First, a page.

Help! I have so many rye bread questions! I have been baking high-hydration whole grain sourdoughs for 2 years now, but just ventured into baking with rye (and other atypical/non gluten flours, like buckwheat). My last couple of attempts at baking rye sourdoughs weren't very promising. My first try I kneaded the dough for EVER (15-20min) in fear that it wouldn't be developed enough, and was surprised when it came out as a tough, close crumbed, dry brick. My second attempt, I kneaded the dough significantly less (~10min total) as I heard that overkneading can incorporate so much air into a loaf that it dries it out, but the end result was the same.
My most recent bake was with Tartine's Country Rye recipe. This high hydration formula calls for only stretch and folds, no kneading. I must say that the bread tastes incredible! I was so surprised! However, there are still many other problems. First of all...
Despite slashing the dough, the cuts did not allow any relief for the expanding loaf as it still burst out of the side. This happened with my last batch of rye as well, but has never happened with my wheat loaves. Does anyone have any advice/information on this issue?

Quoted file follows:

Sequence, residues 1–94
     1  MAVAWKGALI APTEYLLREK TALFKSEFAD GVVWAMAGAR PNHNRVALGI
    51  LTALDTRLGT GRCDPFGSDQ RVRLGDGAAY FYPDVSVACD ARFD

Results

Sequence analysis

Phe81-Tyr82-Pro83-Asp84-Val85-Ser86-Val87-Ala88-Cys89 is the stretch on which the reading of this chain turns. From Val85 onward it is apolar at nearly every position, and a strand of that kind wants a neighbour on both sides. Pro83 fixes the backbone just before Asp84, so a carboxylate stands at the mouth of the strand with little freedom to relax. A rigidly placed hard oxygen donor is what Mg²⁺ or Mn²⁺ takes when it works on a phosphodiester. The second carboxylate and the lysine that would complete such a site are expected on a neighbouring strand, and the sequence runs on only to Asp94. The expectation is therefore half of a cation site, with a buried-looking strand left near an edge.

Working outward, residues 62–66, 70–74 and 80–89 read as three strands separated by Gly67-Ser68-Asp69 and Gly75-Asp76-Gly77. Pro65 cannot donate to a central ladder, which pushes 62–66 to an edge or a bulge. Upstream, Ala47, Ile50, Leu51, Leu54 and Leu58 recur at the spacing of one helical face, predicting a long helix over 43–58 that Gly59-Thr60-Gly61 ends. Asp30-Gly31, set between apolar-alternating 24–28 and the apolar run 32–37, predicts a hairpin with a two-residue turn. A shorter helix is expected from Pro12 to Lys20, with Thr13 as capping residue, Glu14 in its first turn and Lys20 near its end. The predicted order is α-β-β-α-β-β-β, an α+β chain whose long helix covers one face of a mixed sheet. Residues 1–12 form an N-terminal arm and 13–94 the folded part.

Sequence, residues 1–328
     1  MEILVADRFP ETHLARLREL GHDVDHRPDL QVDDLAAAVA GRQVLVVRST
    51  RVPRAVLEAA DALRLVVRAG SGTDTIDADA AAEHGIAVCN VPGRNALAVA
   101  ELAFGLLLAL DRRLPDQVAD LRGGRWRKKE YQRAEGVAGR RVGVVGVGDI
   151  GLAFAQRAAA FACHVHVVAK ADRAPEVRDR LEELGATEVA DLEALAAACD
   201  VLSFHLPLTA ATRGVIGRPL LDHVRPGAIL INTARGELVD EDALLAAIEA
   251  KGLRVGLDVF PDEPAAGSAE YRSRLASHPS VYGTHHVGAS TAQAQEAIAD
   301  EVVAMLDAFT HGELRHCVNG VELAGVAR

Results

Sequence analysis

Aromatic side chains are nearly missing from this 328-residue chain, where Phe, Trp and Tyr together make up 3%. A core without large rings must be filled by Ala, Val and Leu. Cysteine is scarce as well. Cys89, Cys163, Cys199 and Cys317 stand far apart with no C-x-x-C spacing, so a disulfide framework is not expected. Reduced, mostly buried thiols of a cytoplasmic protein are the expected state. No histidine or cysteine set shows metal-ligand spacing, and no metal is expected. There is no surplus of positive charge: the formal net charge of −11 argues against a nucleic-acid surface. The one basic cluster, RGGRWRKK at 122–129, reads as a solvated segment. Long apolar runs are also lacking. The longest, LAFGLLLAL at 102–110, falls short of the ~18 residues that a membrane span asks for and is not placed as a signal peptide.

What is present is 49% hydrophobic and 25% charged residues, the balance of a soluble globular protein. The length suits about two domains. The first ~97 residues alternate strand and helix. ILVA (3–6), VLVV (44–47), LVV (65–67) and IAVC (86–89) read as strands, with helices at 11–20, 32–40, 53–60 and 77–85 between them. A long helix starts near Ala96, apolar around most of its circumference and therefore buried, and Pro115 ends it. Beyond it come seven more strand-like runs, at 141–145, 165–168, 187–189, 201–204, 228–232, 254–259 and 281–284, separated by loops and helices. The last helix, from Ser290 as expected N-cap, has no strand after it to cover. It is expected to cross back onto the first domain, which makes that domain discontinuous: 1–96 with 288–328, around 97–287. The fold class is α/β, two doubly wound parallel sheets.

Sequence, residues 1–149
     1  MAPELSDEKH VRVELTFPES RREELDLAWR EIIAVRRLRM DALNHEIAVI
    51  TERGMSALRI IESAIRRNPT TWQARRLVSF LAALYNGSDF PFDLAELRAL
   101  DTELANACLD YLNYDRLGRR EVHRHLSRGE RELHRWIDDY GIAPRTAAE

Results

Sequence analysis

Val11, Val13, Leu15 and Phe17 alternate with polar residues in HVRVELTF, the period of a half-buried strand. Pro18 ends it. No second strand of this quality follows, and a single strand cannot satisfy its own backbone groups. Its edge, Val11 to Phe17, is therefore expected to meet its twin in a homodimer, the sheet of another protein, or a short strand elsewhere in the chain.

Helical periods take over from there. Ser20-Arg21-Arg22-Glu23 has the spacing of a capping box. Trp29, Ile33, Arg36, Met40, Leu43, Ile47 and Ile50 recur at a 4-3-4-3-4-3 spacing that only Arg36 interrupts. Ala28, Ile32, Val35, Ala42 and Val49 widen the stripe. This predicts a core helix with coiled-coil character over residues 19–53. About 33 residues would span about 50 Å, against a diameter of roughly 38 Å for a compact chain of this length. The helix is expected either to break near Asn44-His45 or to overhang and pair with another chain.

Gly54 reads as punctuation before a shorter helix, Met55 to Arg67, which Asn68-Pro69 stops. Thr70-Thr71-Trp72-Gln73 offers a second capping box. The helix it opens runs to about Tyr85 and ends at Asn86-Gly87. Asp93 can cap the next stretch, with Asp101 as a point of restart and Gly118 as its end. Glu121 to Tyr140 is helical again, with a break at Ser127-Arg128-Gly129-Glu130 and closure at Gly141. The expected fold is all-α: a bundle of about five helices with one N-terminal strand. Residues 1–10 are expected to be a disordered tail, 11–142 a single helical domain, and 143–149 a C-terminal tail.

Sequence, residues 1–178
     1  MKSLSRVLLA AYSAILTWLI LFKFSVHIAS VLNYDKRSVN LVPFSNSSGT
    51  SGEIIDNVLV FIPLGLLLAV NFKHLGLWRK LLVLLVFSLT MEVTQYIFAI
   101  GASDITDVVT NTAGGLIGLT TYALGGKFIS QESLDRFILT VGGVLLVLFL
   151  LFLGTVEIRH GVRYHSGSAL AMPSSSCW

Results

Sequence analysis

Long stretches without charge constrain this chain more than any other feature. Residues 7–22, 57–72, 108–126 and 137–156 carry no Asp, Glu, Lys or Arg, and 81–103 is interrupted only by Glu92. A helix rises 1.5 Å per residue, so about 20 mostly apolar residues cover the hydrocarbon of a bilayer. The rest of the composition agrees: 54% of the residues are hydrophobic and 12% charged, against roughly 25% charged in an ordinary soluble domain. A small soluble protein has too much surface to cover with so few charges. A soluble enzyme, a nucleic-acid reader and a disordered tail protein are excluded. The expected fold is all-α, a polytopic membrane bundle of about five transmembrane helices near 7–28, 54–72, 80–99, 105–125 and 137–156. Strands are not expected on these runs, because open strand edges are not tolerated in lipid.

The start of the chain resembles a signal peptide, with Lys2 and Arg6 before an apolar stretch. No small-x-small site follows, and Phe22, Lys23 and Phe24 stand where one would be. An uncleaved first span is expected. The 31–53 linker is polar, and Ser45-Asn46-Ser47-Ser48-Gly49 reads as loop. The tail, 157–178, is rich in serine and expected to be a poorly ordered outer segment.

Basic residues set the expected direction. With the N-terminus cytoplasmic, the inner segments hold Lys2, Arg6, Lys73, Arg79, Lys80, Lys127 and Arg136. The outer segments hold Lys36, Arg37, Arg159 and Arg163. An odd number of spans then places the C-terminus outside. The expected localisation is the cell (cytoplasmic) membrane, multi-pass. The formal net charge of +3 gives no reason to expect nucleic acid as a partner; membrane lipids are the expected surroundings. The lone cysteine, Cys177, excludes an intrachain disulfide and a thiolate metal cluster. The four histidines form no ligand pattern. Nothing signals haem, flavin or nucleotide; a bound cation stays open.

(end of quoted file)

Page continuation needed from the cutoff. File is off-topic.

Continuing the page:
Lastly, both the loaf pictured below and the loaves I baked last time had GIANT holes just in very center of the loaf. What is the meaning of this? My last loaf had only one air hole: a giant tunnel through the very center. Again, I have not had this problem baking with wheat. I do not use oil when shaping or in any of the dough handling phases.
When monitoring dough development when using rye flour, how do your evaluations differ from those that you do for wheat flour? Obviously the dough is stickier. When kneading, I noticed that the dough had a strong window pane and was cohesive after just a few (5 or so) minutes-yet I kept kneading because I thought intensive kneading was crucial for rye dough.
Anyway, I LOVE rye and want to be able to consistently produce great loaves, so any valuable information you have would be greatly appreciated! Thanks